electricity

Nerds are the new Rock Stars

We’re seeing a new breed of rock stars these days: Scientists.

Apparently there is a Night Club for Nerdy People in the Big Apple :

The crowd is young and hip, mostly in their 20s and 30s, eager to gain entry to tonight’s hot-ticket entertainment event. Once the doors open, about 50 lucky people secure chairs, while another 50 stand four-deep around the room, and another 50 are gently turned away at the door.
“This is the third time I haven’t made it in,” a disappointed young woman sighs.
A mixtape of music plays through the speakers and the audience sips drinks from plastic cups while waiting for the featured act to begin. It won’t be the latest indie band, or an up-and-coming comedian. This is not the typical New York club scene. This is the monthly meeting of the Secret Science Club.

Then there’s DorkBot, which has branches everywhere:

the main goals of dorkbot are: to create an informal, friendly environment in which people can talk, […] to give us all an opportunity to see the strange things our neighbors are doing with electricity.

Meanwhile, in Cambridge, Massachusetts, “Dr. Evil” and the “Mexican Multiplier” have dueled it out till the very end, in an attempt to write the largest number on a chalkboard.

Finally, here’s an awesome ad from Intel’s amazing marketing team:

startup idea #4984

Here’s an idea I thought of a while ago. You have the storm botnet, which is apparently now capable of being the world’s most powerful supercomputer:

The Storm botnet, or Storm worm botnet, is a massive network of computers linked by the Storm worm Trojan horse in a botnet, a group of “zombie” computers controlled remotely. It is estimated to run on as many as 1,000,000 to 50,000,000 infected and compromised computer systems as of September 2007. Its formation began around January, 2007, when the Storm worm at one point accounted for 8% of all infections on all Microsoft Windows computers.

The botnet reportedly is powerful enough as of September 2007 to force entire countries off of the Internet, and is estimated to be able to potentially execute more instructions per second than some of the world’s top supercomputers.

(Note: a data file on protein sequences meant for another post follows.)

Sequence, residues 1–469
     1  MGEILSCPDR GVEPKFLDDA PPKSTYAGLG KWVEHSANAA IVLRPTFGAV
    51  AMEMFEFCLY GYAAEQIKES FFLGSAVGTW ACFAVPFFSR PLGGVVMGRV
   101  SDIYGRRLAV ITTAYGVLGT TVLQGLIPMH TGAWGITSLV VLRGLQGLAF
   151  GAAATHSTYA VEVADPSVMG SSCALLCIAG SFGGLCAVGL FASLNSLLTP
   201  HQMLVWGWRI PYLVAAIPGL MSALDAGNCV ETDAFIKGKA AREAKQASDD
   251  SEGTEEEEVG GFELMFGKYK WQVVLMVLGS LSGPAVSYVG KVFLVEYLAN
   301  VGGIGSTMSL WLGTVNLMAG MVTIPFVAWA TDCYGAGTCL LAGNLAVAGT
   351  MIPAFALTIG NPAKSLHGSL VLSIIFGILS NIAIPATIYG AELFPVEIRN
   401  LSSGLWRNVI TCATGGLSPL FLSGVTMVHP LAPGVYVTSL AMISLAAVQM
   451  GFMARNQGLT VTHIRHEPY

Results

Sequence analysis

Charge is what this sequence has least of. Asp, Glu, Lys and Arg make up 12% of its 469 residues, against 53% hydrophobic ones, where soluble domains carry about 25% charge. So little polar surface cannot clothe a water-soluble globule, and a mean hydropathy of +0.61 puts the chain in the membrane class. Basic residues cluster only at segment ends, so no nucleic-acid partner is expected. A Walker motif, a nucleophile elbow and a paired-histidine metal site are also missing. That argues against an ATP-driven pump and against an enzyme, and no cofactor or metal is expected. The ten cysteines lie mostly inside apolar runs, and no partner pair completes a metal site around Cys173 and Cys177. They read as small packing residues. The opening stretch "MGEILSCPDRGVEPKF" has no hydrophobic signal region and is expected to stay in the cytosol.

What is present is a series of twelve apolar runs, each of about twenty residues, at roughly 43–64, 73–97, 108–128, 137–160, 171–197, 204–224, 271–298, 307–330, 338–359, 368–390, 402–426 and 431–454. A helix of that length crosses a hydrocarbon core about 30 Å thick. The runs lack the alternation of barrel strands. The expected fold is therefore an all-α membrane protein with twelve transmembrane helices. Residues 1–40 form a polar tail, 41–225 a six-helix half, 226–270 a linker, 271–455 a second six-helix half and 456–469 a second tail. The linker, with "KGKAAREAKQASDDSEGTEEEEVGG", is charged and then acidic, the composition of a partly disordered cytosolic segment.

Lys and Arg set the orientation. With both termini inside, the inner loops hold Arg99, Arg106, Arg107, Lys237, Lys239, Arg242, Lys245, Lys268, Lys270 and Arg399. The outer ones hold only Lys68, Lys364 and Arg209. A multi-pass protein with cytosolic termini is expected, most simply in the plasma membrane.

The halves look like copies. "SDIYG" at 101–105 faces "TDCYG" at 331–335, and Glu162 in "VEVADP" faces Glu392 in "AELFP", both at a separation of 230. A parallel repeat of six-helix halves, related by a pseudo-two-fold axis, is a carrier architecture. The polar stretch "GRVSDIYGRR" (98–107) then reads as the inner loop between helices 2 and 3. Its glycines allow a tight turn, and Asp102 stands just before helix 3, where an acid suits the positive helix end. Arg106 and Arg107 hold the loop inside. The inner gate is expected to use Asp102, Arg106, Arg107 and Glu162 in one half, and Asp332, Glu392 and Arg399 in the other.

Obviously, having a large supercomputer is big business these days. So what you do is have a legal version of this. Let’s say you sell computers at 70% of their real price. The only catch is that people will have to run this special software as part of the system. The special software is basically a remote compute client similar to Folding@Home or Google Compute.

Once you have sold enough computers, you essentially have a large army of computers at your beck and call, for 30% the price of what you would have to invest in otherwise. Of course, obviously someone else owns the machines, but while they are doing lightweight tasks such as checking email and chatting, you are folding proteins, running simulations and cracking ciphers.

Now here’s the best part of the deal: the most expensive part of a grid is not the hardware, but the electricity that it uses. And guess who’s paying this electricity! The customer, not you!.

So there you have it. A cheap, one-time cost for an everlasting free CPU grid. Awesome ainnit?

note: This idea is under this license.

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live from mumbai

Greetings from the city that never sleeps! To compensate for the non correspondence from Jamshedpur, the most well planned town in India, I shall now write about my stay in Jamshedpur, a.k.a. Tatanagar. The town is named after the great Jamshedji Tata, founder of the Tata Empire, one of the largest corporate empires in India. It was founded many, many years ago by the Tatas to support their iron and steel mining operations, and is a true marvel in town planning. I find it incredible that a single corporation takes care of everything in the city - the roads, electricity, and all other facilities are handled by Tata.